How it all started
The AMORIS (Apolipoprotein-related MOrtality RISk) cohort includes subjects who underwent health examinations during the period 1985-1996 and where blood or urine samples were analysed at the Central Automation Laboratory (CALAB) in Stockholm, Sweden.
The cohort was assembled originally to study the importance of apolipoproteins B (atherogenic) and A-I (anti-atherogenic) as new and improved risk markers than conventional lipids. This original research theme was initiated by Ingmar Jungner, CALAB laboratory and Göran Walldius, King Gustaf V research institute at Karolinska institutet, Stockholm, Sweden. Today the AMORIS cohort consists of 812,073 subjects and is used for a broad range of clinical and epidemiologic research questions.
The CALAB laboratory
The CALAB laboratory was started by the two brothers Gunnar and Ingmar Jungner in 1961. They were world leading pioneers in developing multichannel automation technologies in order to increase the number of samples that can be analyzed in one day as well as in that samples can be analyzed also during night time. Over the years, they invented and upgraded the AutoChemist (C) in close collaboration with industry (AGA, Sweden) which made it possible to analyze 20 to 32 and up to 64 different types of analyses in each panel of laboratory samples. CALAB were also pioneers in using digital data analytical instrumentation connected to the automated systems.
Initially, during 1960-1970, there was much objection from health care providers to use automated techniques in health care, especially in open ward conditions, but gradually the clinical society found these techniques very useful. CALAB developed the analytic procedures to perfection both regarding sensitivity, specificity and stability at low costs according to international quality control and blinded testing protocols. The analytical technologies at CALAB were much appreciated by referring physicians and their capacity made it possible to screen large populations participating in health check-ups during the 1980s and 1990s.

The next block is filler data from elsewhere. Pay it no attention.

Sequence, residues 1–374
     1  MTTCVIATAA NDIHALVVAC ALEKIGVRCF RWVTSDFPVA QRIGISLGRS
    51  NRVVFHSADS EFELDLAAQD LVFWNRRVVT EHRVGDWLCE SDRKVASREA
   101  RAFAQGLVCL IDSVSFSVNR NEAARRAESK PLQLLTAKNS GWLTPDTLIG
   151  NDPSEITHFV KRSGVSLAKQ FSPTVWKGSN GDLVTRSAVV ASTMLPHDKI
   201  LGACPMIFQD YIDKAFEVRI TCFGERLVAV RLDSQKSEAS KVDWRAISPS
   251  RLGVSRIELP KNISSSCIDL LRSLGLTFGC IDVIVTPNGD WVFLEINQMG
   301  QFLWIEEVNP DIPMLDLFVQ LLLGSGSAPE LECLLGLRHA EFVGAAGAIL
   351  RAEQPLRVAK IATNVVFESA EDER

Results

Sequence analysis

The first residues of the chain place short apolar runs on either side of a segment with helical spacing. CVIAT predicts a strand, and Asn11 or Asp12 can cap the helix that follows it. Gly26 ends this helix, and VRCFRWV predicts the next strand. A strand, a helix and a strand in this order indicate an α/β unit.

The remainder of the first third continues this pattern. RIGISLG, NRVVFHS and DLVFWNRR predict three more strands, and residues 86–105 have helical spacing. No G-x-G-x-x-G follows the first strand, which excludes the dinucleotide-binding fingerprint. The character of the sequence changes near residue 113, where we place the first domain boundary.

In 1996, CALAB was sold to another company but the primary inventor and researcher Ingmar Jungner [HN1] was given the opportunity to use the laboratory database, comprising over 38 million analyses, for future scientific research. In 2012, Jungner donated the database to the Institute for Environmental Medicine (IMM), Karolinska institutet. This donation has given the opportunity to further develop and use the AMORIS cohort for clinical and epidemiologic research with a basis at Karolinska Institutet.
Early clinical studies based on the AMORIS cohort and collaborations
During the last two decades several research questions have been addressed using the AMORIS cohort. As mentioned above, the initial strategy was to investigate the role of apolipoproteins (apo) B and A-I in subjects with different types of hyper- and dyslipidemias. The overall hypothesis and long term goal was to provide evidence that apoB, apoA-I, and especially the apoB/apoA-I ratio were better and stronger predictors of cardiovascular risk than conventional lipids like LDL-cholesterol (LDL-C) and HDL-cholesterol (HDL-C) or any lipid-based ratio. This research has been performed in collaboration with scientists from Norway, Canada and the United states and generated several publications.
In 2001, the first strong AMORIS data were presented in the Lancet, indicating that the apoB/apoA-I ratio was stronger than conventional lipids in predicting fatal myocardial infarction. In the following years, additional publications indicated that similar advantages for apolipoproteins were found also in assessment of the risk of fatal ischaemic stroke and heart failure. Additional metabolic and inflammatory risk factors related to cardiovascular morbidity and mortality have been published based on the AMORIS cohort.
In 2005, the Steering group for AMORIS started to collaborate with scientists from Belgium, United Kingdom and Sweden to investigate the role of metabolic and inflammatory risk factors for the development of various forms of cancer. Subsequently, the research based on the AMORIS cohort has been extended to several disease areas including diabetes, kidney disease and neurological disorders.
Over the last 12 years we have produced new important knowledge in a broad field of pathophysiological mechanisms and clinical diseases, see the list of publications.